Ferro Lad had the superhuman ability to transform his body into a nearly indestructible isotope of iron. Unlike Stone Boy, Ferro Lad had full mobility and could think and speak normally. His iron-like form could resist considerable damage, including direct hits by laser blasts, and he was able to survive unprotected in the vacuum of space. He could use his ability offensively by ramming his iron-hard body into an opponent or an obstacle. His physical strength also increased when in his iron state, allowing him to bend metal bars or reshape scrap metal like clay.
As a member of the Legion of Super-Heroes he was provided a Legion Flight Ring. It allowed him to fly and protects him from the vacuum of space and other dangerous environments. He also had a radio built into his mask which allowed him to communicate with others while in airless space.
In Legion of Super-Heroes (vol. 2) #300, an alternate universe is glimpsed by Andrew Nolan's brother, Douglas. Here, it is shown that shortly after Andrew's death against the Sun-Eater, Douglas became the second Ferro Lad in a parallel timeline. In Amalgam Comics, Ferro Lad combines with Marvel's Colossus to create Ferro Man of the X-Patrol.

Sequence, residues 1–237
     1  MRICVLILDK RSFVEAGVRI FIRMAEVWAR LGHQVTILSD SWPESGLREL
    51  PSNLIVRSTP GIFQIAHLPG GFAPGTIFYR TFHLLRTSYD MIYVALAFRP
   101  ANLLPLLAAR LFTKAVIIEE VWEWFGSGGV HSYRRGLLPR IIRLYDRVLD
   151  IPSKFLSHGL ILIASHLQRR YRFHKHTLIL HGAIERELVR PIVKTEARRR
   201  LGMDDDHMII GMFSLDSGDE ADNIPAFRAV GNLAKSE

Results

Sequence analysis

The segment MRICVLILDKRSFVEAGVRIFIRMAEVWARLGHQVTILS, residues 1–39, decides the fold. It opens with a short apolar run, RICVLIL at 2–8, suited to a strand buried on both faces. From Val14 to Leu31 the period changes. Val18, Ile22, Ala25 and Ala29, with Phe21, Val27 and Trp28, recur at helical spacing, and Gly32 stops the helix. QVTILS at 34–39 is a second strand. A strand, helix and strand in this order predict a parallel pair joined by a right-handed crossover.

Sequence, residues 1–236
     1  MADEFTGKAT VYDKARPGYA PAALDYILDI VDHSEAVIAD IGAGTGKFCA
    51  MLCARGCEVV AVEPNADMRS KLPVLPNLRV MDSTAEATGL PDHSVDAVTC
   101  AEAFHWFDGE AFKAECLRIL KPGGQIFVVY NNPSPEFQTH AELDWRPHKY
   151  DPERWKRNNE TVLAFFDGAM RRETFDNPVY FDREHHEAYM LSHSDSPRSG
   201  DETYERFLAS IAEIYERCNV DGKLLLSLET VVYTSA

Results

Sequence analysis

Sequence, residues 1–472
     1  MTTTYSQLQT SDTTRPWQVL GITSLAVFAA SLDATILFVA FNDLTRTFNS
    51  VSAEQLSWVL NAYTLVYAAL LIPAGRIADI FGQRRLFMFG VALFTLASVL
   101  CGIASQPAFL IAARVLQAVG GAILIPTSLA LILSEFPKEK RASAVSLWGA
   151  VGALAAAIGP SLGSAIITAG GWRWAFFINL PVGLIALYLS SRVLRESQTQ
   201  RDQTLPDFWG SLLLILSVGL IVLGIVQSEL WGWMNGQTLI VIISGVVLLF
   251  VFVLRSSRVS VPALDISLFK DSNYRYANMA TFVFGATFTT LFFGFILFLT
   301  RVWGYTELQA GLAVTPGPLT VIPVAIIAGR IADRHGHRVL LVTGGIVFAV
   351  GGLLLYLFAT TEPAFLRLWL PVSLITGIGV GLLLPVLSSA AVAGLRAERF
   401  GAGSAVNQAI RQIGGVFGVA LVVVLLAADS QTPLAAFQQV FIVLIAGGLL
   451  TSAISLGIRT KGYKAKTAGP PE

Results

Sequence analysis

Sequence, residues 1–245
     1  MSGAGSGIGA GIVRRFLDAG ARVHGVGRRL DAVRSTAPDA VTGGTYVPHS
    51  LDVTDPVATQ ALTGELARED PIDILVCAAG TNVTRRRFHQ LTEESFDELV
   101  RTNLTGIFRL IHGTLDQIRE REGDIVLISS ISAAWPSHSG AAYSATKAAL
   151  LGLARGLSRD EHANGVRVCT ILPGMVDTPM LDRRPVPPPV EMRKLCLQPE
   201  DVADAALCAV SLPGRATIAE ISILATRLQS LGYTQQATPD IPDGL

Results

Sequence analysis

In other media
- Ferro Lad first appeared in the Legion of Super Heroes episode "Chain of Command", voiced by Dave Wittenberg. In that episode, he assists Cosmic Boy (who recently returned to the Legion) to help save Lightning Lad's planet. True to the original story, he sacrifices himself destroying the Sun-Eater shortly after his joining of the Legion. At the end of the season one finale title "Sundown" a piece of floating rock, following the destruction of the Sun-Eater, shows the body of Ferro Lad curled into a ball. This was shown during Ferro Lad's funeral. He is the first character in the Legion of Superheroes TV series to die. According to producer James Tucker, Ferro Lad's long lost twin brother would have appeared if the show had been renewed for a third season.
- Ferro Lad's statue is seen in the hall of honor of the old Legion's headquarters in the Justice League Unlimited episode "Far from Home" and in the direct-to-video movie Justice League vs. the Fatal Five.
- Beatty, Scott (2008), "Ferro", in Dougall, Alastair (ed.), The DC Comics Encyclopedia, New York: Dorling Kindersley, p. 121, ISBN 978-0-7566-4119-1, OCLC 213309017
- Comic Book Urban Legends Revealed #30!
- Glen Cadigan, The Legion Companion, TwoMorrows Publishing, 2003; p. 53.
- Cadigan, p. 54.
- Legion of Super-Heroes (Vol. 4) #38, Late December 1992.
- Adventures of Superman #540 (1996)
- IGN: Superman/Green Lantern interview Archived 2012-08-05 at WebCite